Survey favors moving school
By Denise Dick
A study on the feasibility of moving Cardinal Mooney High School to southern Mahoning County determined that most of those interviewed support the prospect.
“There’s a lot of interest in building a new school” in the county’s southern tier, said the Rev. Gerald DeLucia, Mooney president.
Earlier this year, the Catholic Diocese of Youngstown hired Catholic School Management Inc. of Madison, Conn., to conduct a feasibility study of moving the school versus renovating and updating the existing structure on the city’s South Side.
A group of alumni had approached the diocese about moving the school to where the county’s population is moving.
Father DeLucia said that of the 60 alumni and parents of current students interviewed, between 70 percent and 80 percent supported the move.
The next phase of the study will determine if the demographic shift and enrollment projections would support the move.
“It needs to be shown to everyone that if [the Catholic] population is out there, if we relocated to that area, would people send their children to that school,” Father DeLucia said.
Although an exact location hasn’t been determined, supporters of the move have talked about a location between Poland and Canfield that’s close enough to the Columbiana County line to attract students from that area as well.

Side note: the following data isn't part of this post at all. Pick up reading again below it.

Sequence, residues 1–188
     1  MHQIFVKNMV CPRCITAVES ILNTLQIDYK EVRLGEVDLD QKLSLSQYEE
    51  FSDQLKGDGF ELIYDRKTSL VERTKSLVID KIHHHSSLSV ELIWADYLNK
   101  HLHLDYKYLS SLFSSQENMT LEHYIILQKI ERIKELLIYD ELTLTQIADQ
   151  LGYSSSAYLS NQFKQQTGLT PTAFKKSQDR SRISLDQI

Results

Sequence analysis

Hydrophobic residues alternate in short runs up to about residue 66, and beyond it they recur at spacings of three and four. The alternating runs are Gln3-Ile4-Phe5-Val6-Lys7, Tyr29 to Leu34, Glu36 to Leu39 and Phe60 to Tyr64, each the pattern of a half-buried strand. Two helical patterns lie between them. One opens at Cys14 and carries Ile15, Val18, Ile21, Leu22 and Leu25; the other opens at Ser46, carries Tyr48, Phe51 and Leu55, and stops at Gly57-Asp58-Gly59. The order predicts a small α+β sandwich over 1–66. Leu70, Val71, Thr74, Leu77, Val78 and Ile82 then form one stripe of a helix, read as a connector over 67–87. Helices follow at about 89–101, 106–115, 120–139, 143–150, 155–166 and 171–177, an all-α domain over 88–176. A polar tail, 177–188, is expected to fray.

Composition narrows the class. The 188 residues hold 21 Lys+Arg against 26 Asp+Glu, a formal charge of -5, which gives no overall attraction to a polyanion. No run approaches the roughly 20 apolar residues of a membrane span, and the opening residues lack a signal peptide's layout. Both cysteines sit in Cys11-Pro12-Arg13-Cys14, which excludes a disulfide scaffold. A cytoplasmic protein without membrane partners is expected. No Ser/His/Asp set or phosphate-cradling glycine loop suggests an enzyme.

If the school does move, the boundaries determining whether a student enrolls at Mooney or Ursuline High School would remain.
Those who live north of the Mahoning River attend Ursuline while those south of the river go to Mooney. Students may request to attend the other school with a letter to the superintendent of the diocese.
Once the second phase is complete, Mooney’s board of directors will make a recommendation to Bishop George V. Murry, who will make the decision. Also part of the equation is the cost of building a school, estimated at between $24 million and $25 million. Estimated cost to upgrade the existing school is $18 million.
Mayor Charles Sammarone sent a letter to Bishop Murry last week urging that the school stay put.
“The possibility of seeing Cardinal Mooney High School leave the Youngstown community would be devastating,” Sammarone said in the letter.
Throughout the school’s 56-year history in the city, it has contributed to Youngstown’s betterment as a whole, he wrote.
“Indeed, it has been an anchor in the good times and bad,” the mayor said. “I would hope that you and the Office of Catholic Schools would remember that the city of Youngstown is vital to the heart and tradition of Mooney High School.”
Father DeLucia said the board of directors also will consider whether the move will allow the school to continue to serve city residents.
“It’s kind of a balancing act,” the president said, referring to serving both the population in the southern part of the county while continuing to meet the needs of those in the city.